Weyes Blood, Fatal Jamz, Plush

located at The Crepe Place happens on Mon Feb 20 at 9:00 pm Please note – This event has already happened
$10advance, $12door

9pm showtime

Advance tickets available at:
or at The Crepe Place

Weyes Blood:
Natalie Mering’s voice is at once comforting and unique, dramatic but never overbearing. There is an elegant lilt to her delivery, evocative of a different era of popular music altogether. As Weyes Blood, she crafts emotional epics that masquerade as psych-folk ballads, subtly symphonic songs that are informed by yesterday but live and breathe right now.

The cover of her forthcoming album, Front Row Seat to Earth, finds her surrounded by a vast landscape straight out of Star Trek, wearing a polished aquamarine suit. And yet, if you look closely, you’ll notice that her luxurious outfit is accented by lovingly worn sneakers—a touch of coziness in an alien atmosphere.

The shoes might double as something of a visual gag. “I am a ham, I like to joke around,” Mering says with a laugh over Skype, “which is a little bit of the opposite of the implications of my music—it’s so heavy, I guess.”

The cover of Weyes Blood’s upcoming album, Front Row Seat to Earth.

Front Row Seat to Earth offers exactly what it says on the box. The album’s love songs feel directed to the planet as a whole as opposed to any singular person. It’s protest music that punches at elements of the human condition with lines like “Let the world carve at your heart/Don’t need a home if you come apart.” There’s more specific conceptual commentary too. On the brilliant anti-anthem “Generation Why,” Mering sings of an impending apocalypse playing out beyond our screens: “Goin’ to see the end of days/I’ve been hanging on my phone all day/And the fear goes away.”

Talking about those lines, she explains how she initially rejected the social media ubiquity that feels necessary for artists in the modern age. But when she finally did get a smartphone, she found herself instantly succumbing to its narcotic appeal. “I started taking mad pics and texting with people all day long every day,” she says. “We are emotionally predisposed to our connectivity—we’re just acting out this opiate for the masses.” She goes on to draw parallels between onetime millennial mantra YOLO, which is co-opted for the chorus of “Generation Why,” and the impending consequences of environmental destruction. “The reason the ‘you only live once’ philosophy exists is because our situation is pretty desperate,” she says. “The cataclysm of climate change and all that is very physical and it affects our ability to survive on the planet. It’s like learning how to accept the apocalypse without fear.”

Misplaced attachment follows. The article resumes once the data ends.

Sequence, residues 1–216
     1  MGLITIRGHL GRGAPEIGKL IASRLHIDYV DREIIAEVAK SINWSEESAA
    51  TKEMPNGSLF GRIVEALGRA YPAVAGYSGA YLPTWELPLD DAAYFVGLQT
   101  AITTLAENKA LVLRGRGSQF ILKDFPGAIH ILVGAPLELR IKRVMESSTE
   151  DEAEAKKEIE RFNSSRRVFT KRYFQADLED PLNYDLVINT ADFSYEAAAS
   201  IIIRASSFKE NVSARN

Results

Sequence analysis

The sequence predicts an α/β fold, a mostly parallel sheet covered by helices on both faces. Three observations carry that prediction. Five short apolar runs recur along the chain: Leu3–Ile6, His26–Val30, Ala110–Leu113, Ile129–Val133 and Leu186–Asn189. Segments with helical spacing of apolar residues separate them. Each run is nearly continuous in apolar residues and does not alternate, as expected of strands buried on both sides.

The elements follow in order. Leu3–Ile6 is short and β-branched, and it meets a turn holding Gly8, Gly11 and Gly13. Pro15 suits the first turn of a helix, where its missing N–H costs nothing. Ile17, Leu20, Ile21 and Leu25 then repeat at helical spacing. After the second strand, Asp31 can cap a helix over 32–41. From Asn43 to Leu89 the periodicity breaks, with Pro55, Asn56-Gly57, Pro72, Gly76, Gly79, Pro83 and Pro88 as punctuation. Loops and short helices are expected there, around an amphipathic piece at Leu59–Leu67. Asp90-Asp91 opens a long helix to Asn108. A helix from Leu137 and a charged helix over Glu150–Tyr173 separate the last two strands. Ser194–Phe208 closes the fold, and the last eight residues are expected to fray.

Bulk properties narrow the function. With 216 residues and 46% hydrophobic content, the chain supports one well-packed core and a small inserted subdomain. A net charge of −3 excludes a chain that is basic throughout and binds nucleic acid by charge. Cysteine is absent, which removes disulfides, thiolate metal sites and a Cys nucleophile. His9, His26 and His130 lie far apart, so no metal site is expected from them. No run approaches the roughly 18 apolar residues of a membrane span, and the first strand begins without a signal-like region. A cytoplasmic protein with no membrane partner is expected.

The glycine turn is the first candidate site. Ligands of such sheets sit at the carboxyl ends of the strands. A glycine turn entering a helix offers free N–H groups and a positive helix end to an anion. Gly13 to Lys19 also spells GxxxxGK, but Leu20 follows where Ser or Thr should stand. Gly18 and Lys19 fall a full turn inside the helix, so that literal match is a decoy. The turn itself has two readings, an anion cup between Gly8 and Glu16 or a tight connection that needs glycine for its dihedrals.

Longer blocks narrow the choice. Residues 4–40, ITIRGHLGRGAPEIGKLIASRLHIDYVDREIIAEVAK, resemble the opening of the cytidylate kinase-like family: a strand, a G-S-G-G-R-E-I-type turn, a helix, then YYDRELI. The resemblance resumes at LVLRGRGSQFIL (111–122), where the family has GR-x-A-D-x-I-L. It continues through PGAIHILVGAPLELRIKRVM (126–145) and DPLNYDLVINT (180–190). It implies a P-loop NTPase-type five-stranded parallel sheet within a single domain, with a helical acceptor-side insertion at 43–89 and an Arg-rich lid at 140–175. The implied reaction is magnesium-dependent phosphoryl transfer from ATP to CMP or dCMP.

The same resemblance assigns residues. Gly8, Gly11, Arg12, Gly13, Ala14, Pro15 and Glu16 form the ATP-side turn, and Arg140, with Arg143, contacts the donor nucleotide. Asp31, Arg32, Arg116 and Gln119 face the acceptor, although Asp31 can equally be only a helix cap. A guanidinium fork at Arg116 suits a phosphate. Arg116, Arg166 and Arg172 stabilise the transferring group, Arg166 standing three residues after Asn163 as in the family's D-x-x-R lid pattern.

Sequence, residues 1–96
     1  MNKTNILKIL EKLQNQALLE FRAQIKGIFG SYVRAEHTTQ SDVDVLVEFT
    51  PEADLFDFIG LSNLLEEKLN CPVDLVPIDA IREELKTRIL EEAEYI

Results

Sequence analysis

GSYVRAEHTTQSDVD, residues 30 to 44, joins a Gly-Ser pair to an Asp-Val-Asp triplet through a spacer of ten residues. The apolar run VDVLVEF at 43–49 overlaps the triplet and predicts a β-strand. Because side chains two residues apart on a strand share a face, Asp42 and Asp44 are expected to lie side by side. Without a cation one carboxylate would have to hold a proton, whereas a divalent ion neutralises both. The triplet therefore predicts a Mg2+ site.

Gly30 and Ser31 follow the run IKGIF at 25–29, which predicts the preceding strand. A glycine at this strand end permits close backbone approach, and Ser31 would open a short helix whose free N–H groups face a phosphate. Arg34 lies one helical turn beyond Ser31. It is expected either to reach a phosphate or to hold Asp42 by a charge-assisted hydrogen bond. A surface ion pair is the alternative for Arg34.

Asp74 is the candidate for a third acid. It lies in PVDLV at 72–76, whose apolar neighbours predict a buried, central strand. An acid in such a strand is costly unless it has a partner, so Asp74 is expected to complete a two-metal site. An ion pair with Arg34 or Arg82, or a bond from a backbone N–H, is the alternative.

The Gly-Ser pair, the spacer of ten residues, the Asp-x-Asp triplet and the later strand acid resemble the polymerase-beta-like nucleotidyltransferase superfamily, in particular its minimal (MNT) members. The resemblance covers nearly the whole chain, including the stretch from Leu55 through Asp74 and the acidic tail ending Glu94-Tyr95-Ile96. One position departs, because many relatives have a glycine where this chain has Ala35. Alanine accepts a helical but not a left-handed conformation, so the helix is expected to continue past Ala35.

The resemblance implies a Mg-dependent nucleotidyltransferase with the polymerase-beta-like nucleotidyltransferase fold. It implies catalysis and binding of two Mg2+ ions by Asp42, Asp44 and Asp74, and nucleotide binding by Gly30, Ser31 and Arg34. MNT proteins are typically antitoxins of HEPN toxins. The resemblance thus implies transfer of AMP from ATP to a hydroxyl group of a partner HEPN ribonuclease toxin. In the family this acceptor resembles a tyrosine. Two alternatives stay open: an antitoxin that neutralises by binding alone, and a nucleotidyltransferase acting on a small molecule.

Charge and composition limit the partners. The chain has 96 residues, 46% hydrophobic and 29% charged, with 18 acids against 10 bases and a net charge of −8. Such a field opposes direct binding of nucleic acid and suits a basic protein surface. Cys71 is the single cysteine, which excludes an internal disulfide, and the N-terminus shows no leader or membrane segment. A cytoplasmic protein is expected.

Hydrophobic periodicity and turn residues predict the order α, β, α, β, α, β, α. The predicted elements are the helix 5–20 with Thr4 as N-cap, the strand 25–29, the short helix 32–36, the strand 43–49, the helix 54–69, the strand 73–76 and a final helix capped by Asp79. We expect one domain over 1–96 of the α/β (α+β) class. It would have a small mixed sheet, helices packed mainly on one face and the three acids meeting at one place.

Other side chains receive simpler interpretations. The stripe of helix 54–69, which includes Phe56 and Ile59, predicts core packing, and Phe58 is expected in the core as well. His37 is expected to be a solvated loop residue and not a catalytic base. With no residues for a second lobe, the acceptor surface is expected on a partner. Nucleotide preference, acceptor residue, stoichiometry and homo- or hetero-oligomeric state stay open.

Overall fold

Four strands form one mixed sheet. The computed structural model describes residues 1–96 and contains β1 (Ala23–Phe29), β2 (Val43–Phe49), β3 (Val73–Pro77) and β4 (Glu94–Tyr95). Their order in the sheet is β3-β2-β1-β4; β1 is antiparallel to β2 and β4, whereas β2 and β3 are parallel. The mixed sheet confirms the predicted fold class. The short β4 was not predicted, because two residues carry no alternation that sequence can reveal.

Mering entered this planet by way of Santa Monica, California, to parents who both wrote and performed music. Her father Sumer once fronted a strutting new wave band (also called Sumner) that issued one album (also called Sumner) in 1980 that was produced by famed Rolling Stones collaborator Jack Nitzsche. But by the time Natalie was born, her mom and dad had left the secular life behind and converted to born-again Christians. “But they retained some of their hipness and still played Stevie Wonder and Joni Mitchell in the house,” she remembers. Mering honed her singing abilities through performing in church and school choir, and eventually went through an underwhelming stint at Lewis & Clark College in the Pacific Northwest before dropping out and immersing herself in the Philadelphia noise scene.

From there, she performed alongside Portland experimentalists Jackie-O Motherfucker and Baltimore weirdos Nautical Almanac when she wasn’t spending isolated days in Kentucky and New Mexico. I ask her where she considers home. “I’m from nowhere,” she replies, before breaking into laughter. She eventually moved to Rockaway Beach, Queens, where she recorded her last release, Cardamom Times. Today, the nomadic singer claims residence closer to her birthplace in Southern California, where she created Front Row.

By some metrics of the music industry, Mering is a seasoned pro—she’s been active in underground music for a decade and issued her first self-released album in 2007. But now, on the cusp of a national tour, she says she’s uninterested in finding recognition for her music. More than ever before, she’s absorbed with perfecting her technique, learning from the greats, and singing the soul from her body.

Fatal Jamz:

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